5. Barbed wire
    The period when the population was moving West and homesteading was early use of barbed wire. The open range users hated it. Had the homesteaders not been able to defend themselves (a good 2nd Amendment argument) the West as we know it now wouldn’t have happened.

    Ft Leonard Wood Combat Engineer school had one week devoted to barbed and concertina wire.
    Two hours in the instructor pulls me aside.
    “Son, you have experience doing this. I’m making you an assistant instructor”.
    “Yes Sargent, so when someone over tightens and the wire breaks, it will wrap around my legs instead of yours?”
    “I KNEW you are experienced”.

    1. That scene at the beginning of Seabiscuit where Chris Cooper rides up to a new wire fencelone, dismounts and walks over and rubs the barb with his thumb like, “End of an era”, then rides off along the line because it is no longer open range.

    2. In a training situation, you never want to be made the assistant instructor or platoon leader. I know that you understand that. Many didn’t/don’t. It’s like running in the #1 slot – never where you want to be. Content yourself with the relative anonymity of #3 or #4. It makes for a much more pleasant training experience.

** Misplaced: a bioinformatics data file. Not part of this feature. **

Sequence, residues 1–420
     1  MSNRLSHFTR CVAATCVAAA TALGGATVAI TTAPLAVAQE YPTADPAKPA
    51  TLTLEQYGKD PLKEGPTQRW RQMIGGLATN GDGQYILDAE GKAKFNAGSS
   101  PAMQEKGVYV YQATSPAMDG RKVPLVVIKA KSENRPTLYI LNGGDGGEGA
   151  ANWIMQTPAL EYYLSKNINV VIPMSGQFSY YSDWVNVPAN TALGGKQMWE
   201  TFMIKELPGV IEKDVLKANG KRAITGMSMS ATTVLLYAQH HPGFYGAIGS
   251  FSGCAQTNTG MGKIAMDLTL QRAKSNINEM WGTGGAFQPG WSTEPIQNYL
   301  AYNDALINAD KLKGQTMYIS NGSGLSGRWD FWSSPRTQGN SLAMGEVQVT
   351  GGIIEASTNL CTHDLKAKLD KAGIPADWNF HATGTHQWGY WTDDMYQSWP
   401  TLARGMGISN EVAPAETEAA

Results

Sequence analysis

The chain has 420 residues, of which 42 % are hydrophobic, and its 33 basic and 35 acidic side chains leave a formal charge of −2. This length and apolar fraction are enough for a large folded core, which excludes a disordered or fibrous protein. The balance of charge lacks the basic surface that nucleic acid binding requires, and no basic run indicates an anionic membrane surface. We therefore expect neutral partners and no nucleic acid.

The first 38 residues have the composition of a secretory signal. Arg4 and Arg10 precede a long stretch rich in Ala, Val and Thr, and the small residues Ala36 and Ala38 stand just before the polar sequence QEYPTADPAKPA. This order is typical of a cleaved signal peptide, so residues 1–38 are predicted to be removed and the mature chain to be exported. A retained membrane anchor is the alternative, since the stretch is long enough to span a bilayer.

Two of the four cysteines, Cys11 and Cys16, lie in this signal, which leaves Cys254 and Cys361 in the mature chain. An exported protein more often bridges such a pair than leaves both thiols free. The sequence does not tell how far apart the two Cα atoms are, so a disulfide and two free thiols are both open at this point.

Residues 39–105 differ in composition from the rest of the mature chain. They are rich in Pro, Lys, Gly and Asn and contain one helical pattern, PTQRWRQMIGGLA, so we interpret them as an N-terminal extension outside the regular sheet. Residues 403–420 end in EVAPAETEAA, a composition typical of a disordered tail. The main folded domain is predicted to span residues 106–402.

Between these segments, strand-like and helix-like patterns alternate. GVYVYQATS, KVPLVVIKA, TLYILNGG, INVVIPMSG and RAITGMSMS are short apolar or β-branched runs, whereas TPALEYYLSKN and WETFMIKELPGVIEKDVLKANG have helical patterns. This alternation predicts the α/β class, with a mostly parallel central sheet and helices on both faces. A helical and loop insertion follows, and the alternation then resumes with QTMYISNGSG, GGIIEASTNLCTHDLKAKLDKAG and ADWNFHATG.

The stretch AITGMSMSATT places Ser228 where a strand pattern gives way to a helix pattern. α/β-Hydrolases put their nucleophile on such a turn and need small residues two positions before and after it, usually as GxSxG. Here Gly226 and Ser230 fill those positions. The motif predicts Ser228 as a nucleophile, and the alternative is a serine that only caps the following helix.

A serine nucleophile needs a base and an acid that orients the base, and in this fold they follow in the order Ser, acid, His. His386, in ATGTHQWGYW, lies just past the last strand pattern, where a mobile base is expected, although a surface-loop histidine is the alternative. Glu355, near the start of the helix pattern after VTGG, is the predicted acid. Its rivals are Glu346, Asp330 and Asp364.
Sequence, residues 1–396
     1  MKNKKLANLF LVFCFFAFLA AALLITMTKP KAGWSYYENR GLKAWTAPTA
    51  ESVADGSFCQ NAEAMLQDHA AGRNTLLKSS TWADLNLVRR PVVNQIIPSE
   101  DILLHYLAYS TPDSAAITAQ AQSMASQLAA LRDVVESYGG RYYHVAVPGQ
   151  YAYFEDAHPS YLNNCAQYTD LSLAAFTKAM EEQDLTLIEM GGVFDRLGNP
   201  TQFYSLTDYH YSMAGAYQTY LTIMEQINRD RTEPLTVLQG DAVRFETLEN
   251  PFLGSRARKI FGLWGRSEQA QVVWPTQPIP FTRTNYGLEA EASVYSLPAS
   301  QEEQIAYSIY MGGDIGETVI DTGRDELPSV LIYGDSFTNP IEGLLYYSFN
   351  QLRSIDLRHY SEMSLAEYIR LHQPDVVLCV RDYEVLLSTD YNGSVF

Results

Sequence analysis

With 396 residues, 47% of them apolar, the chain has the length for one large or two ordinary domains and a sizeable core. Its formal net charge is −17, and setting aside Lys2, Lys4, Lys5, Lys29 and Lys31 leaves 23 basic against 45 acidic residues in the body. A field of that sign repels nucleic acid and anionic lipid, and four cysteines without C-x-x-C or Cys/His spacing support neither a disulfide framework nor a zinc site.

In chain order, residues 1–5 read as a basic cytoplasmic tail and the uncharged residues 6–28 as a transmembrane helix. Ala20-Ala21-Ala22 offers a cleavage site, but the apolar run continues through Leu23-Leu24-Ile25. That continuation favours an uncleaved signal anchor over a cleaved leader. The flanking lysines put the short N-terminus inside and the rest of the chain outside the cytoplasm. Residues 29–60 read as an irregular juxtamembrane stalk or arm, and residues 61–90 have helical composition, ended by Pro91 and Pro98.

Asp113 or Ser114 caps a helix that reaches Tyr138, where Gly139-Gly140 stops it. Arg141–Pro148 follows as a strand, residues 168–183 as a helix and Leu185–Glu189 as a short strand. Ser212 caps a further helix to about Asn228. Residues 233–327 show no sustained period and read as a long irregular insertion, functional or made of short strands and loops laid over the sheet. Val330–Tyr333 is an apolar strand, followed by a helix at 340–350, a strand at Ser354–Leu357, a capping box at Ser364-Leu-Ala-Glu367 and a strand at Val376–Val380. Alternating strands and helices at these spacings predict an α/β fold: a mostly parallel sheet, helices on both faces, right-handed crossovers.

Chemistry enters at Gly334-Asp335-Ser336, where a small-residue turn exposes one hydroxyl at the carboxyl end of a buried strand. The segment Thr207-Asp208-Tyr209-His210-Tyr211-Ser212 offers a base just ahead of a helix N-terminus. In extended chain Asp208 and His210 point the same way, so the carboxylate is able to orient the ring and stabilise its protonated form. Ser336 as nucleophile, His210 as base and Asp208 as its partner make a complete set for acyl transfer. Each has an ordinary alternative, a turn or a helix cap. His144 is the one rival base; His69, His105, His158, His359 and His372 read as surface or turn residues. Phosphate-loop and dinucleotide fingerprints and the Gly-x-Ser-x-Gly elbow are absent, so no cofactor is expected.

I went through the navy’s EOD training which convinced me that I wouldn’t want to deal with EOD in any genuine combat situation. I applaud your service as an Army Combat Engineer. On D-Day, their survival was measured in minutes. As they pushed through the Atlantic Wall, it was measured in hours. Eventually, it hit days. It’s a lot like being a Sea Bee on a bulldozer, trying to knock out a runway when half of it is still held by the enemy. Sea Bees in Vietnam had a hot time too.

      1. The company I served in, the 814th Engineer Company, was originally the 122nd formed during WWII. The movie, “The Longest Day”, depicts a scene where engineers blow a breach in a seawall. Per the unit history, those engineers were from the 122nd. The 814th is still in service as a multi-bridge company now at Ft. Polk.

        EOD held no interest for me having worked along side them on occasions. Bluntly, what they do scares the shit out of me. A cousin was a Sea Bee, post Vietnam, and we talk smack when we get together. He went on to a 25+ year LEO career and is now a municipal judge. 12/7/2017 Aztec, NM school shooting was stopped when he, then a deputy, and a city policeman arrived, broke a window, and went in and got the shooter. Said shooter heard them coming and offed himself.